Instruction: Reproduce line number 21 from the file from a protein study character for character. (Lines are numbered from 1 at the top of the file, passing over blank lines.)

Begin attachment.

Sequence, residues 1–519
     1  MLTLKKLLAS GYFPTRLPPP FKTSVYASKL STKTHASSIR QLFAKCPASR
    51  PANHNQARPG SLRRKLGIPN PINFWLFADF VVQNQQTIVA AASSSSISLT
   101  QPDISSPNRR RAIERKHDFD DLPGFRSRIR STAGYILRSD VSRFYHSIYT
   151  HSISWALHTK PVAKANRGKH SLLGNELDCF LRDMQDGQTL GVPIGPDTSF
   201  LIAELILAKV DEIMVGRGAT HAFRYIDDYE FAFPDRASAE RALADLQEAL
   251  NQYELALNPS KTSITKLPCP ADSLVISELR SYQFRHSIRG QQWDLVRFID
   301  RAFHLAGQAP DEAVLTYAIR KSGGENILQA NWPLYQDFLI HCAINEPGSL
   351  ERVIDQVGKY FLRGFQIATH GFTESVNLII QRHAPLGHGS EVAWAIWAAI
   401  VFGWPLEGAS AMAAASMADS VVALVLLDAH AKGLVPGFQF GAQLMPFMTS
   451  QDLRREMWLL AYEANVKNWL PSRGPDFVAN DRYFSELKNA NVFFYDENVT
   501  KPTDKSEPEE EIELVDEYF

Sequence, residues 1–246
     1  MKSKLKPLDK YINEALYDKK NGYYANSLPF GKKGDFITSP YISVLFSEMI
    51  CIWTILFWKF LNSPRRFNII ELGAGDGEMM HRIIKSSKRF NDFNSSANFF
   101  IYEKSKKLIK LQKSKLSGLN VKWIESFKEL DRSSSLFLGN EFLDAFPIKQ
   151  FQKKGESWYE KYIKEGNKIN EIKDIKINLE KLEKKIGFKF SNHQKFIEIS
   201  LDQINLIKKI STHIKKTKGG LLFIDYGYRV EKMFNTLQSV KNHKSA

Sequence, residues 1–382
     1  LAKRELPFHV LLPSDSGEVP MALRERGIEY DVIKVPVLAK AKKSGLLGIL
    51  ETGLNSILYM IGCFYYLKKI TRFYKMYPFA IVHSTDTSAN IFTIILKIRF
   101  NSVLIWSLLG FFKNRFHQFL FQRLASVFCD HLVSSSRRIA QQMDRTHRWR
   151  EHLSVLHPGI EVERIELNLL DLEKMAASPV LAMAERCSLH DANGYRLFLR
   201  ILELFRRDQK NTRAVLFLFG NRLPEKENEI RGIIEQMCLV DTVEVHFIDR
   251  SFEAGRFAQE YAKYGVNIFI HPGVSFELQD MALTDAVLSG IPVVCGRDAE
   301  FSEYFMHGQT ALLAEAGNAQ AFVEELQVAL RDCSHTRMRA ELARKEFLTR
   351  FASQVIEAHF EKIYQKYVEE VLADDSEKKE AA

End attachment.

    51  ETGLNSILYM IGCFYYLKKI TRFYKMYPFA IVHSTDTSAN IFTIILKIRF